The inControl team redesigned the joystick and buttons on the game controller to meet the needs of patients with hemiplegia. The project relied on rapidprototyping tools including 3D modeling software, laser cutters, 3D printers, and electrical circuit boards to build a testable prototype. Given the short time it took from problem definition to prototype testing, this project can be used as an exemplar for technical communicators who work at the intersection of accessible design and game studies. It demonstrated the practicality of design thinking for addressing a social issue about which our field has been concerned. It also highlighted the importance of prototyping as a process to materialize ideas to achieve actual social impact. Per the project page for inControl, the student designers, under faculty assistance, have filed a provisional patent application for this controller design. From a pedagogical standpoint, design thinking adds an entrepreneurial layer to the conventional learning experience of students, giving them a special edge into their future career.

Example 3: Google Glass—Why We Must Begin With Empathy

Unlike the previous examples, the third instance featured here is a failed case of social innovation. I offer here a critique of a short-lived technological breakthrough in wearable computing, Google Glass, which had garnered global attention between 2013-2015. Many technical communicators and user experience designers were particularly intrigued by the introduction of the unprecedented wear-on-your-face computer, when Google’s very own co-founder Sergey Brin took stage at a major TED Talk event in 2013 and gave his audience an imaginative ride on the roller coaster of computing’s future. Scholars and practitioners alike wanted to know how this new device might influence or change the way users engage with screens and non-screen interactions (audio, haptic, etc.).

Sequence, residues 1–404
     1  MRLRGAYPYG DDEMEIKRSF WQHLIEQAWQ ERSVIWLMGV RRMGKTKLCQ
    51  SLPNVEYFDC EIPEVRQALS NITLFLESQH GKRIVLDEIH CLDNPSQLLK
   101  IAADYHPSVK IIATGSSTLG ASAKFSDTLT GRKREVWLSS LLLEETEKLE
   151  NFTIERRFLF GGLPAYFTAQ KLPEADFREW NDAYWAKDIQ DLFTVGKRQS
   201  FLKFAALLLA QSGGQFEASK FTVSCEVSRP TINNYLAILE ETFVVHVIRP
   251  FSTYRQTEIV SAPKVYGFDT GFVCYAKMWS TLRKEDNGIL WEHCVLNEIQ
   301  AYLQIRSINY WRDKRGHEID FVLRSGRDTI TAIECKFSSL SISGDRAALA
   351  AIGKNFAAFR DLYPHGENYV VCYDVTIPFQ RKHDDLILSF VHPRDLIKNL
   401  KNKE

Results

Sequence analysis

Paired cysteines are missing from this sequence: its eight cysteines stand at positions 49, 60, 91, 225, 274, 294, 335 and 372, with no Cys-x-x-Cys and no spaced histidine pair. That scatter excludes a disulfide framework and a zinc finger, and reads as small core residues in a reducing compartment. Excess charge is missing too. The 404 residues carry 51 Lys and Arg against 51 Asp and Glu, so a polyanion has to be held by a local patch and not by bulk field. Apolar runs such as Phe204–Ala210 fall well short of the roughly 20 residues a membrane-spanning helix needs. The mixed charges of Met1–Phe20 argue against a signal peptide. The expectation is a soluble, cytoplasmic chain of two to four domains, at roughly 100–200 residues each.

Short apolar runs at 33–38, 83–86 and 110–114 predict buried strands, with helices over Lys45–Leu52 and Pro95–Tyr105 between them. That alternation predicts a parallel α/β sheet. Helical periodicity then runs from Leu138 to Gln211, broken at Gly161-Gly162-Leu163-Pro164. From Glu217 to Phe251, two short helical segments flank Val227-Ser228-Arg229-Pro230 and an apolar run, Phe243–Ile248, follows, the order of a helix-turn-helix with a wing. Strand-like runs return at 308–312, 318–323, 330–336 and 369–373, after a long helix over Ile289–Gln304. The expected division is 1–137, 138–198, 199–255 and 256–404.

Arguably the first major consumer wearable device on the market, Google Glass otfered users the ability to look up information online, take images and videos, translate foreign languages, and even live-stream events while keeping the wearer’s hands free from a bulky device. What would that mean for technical instructions? What about virtual communication and collaboration? For many industries, Google Glass promised a leap into a future where action-oriented leisure meets the possibility of sensation without mediation (Pfister, 2019).

While I was a member of the University of Minnesota Wearables Research Collaboratory, I had examined the potential use of Google Glass in digital literacy development. As part of the collaboratory’s collective research, we noted the affordances of the device but also recognized its lack of focus on users’ actual needs. Google Glass offered the aforementioned functionality with a popular narrative that centered around revitalizing human’s social nature by freeing them from their phones. In his TED Talk, Brin asked: “In addition to potentially socially isolating yourself when you’re out and about looking at your phone, it’s kind of, is this what you’re meant to do with your body?” Yet, as many smartphone users might concur, there is more to why we use phones the way we do—like how we kept our screens to ourselves, how we wanted to know if others were recording us, how we used our phone as an escape mechanism when we wanted to avoid personal interactions. . . all of which were social implications of technology' that the Google Glass project failed to empathize with. The design of Google Glass prioritized efficiency, but it disregarded the contexts in which users might perform the different actions it enabled. All in all, the Google Glass example serves as a cautionary tale wherein social innovation designers may learn about the importance of empathy. Design thinking begins with empathy because it is the foremost crucial element in the design process. As the primitive Google Glass case showed us, innovation should start with empathy toward users or it would not succeed; functionality and features of technology must address existing problems as identified by users rather than the imaginations of designers.